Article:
For example, look at Dover. That was the third time I’ve been there in my Nationwide car; however, it was really the first time I knew where I had to be and knew where I had to go. Dover is one of the toughest racetracks that I’ve ever been to. There’s nothing else like it. You drop off into the corner, and there’s like 20 different ways to get around the curve. It’s difficult to get your car to be good in, turn in the center, and be good off. You’re always trying to figure out where you have to give up something in order to gain somewhere else. It took me three times to understand where I needed to be. Certainly, some places will take longer than others to get used to. Add to that you are racing against some of the best drivers in the world, and it makes for quite a challenge.
Lumbis: You certainly made a good recovery during the Sprint Cup race at Dover.
Logano: Yes, that’s the good thing about this team; they have a “never say die” attitude and keep working.
Lumbis: How has Coach Joe Gibbs influenced you as both a driver and a person?
Logano: Coach is a great guy and helped me a lot when times were tough at the beginning of the season. He was a good motivator, letting me know that I was going to be all right. As a driver, you want to hear that. You don’t want to hear, “You better pick it up or you’re out.” It’s good to have an owner like Coach Gibbs.
Lumbis: Is he the reason why you are a Redskins fan?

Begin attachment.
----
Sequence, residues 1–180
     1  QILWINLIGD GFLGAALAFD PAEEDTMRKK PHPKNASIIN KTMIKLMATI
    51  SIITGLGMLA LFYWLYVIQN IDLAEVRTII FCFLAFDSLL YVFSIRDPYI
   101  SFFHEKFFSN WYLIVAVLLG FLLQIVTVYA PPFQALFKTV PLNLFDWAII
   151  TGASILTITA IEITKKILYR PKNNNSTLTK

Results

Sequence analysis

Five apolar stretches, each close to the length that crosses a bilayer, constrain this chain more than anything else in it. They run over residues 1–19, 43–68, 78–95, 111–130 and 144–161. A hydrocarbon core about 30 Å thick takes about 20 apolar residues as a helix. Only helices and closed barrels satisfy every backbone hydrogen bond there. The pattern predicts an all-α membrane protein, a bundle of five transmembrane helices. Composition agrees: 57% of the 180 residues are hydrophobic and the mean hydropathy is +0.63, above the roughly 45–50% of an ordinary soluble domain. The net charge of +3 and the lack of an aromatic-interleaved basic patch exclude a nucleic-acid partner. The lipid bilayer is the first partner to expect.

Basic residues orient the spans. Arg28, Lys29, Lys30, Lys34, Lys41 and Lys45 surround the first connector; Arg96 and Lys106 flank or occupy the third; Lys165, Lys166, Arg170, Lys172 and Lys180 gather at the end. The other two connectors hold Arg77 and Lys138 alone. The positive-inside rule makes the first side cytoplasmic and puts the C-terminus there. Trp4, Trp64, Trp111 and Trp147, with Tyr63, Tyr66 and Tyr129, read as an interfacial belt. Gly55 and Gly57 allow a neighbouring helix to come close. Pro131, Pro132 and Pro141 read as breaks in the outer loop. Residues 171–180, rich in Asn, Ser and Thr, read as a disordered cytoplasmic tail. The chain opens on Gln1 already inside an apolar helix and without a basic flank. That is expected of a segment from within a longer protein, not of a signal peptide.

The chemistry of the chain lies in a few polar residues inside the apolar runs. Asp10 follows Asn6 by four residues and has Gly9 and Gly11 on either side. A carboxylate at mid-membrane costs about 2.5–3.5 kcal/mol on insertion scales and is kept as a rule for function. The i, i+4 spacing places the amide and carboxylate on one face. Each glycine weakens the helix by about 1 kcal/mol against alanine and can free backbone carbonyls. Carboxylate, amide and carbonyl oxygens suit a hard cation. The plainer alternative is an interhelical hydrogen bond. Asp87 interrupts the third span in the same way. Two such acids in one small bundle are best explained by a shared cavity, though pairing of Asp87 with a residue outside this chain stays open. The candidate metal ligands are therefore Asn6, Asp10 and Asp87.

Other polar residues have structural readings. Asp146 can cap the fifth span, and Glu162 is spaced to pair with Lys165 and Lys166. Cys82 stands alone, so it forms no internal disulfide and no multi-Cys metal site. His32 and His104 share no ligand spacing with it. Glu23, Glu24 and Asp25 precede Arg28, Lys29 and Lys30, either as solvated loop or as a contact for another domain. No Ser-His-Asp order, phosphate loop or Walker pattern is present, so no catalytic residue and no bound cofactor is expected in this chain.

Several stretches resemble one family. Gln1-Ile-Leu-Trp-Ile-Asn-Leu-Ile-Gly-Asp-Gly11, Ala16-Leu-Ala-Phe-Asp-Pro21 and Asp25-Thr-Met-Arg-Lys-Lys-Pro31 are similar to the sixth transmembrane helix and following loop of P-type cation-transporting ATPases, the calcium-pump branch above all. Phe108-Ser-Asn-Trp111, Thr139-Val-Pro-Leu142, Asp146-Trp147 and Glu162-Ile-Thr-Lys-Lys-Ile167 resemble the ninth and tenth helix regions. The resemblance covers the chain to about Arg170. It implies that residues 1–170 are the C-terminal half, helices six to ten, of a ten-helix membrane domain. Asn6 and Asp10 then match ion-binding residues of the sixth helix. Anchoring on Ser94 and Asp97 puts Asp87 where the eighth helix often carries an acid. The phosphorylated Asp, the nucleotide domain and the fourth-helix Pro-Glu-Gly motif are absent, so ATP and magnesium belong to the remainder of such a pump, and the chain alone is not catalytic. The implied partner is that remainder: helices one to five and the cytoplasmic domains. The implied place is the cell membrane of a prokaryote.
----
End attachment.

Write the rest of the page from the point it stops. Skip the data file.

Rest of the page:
Logano: Yep, I actually don’t know much about football, so I root for the Redskins because of him. I figured that’s a good reason (laughs). I got to meet Coach [Jim] Zorn (current Redskins coach) at the Charlotte race, which is pretty cool. I watch some of the games, but not a lot. I get more into it around the playoffs.
I’m more of a hockey guy. I like going and watching them every once in a great while. I used to play when I was little. I kind of enjoy it.
Lumbis: When you were growing up, did you have to decide between hockey and racing?
Logano: Pretty much; it was one or the other. I missed half my hockey games, and then my team started to not like me because I was never there. So I said screw it, I’m going racing. I felt like it was the better decision… I think it worked out pretty good (smiles). I was never going to be a Sidney Crosby or anything.
Lumbis: Can you describe your first “meeting” with Mark Martin when he discovered you when you were 15?
Logano: Yeah, that was crazy. I was in Mansfield racing my Pro Cup (USAR Hooters Pro Cup Series) car and I won. He was in Dover, I think, and heard about it. I was like, “Holy cow, that’s nuts.” That was a pretty cool thing coming from someone like him. Mark Martin has been around here long enough to know what he’s talking about. That was cool, and something that really pumped my career up. It’s moments like that which have helped me get to this point.
Lumbis: Two of your favorite charities (David’s House and Children’s Hospital at Dartmouth) help sick children and their families. What drove you to support those charities in particular?
Logano: They are both near where I used to live, up in New Hampshire near the speedway. The Children’s Hospital had a breakfast at the speedway and I learned more about it. I went to the hospital and got to meet the kids, and it was just an amazing experience. It makes you feel better helping kids out like that. Coca-Cola also helps out with their “Chug for Charity” where they donate money to the charity of our choice, which is cool.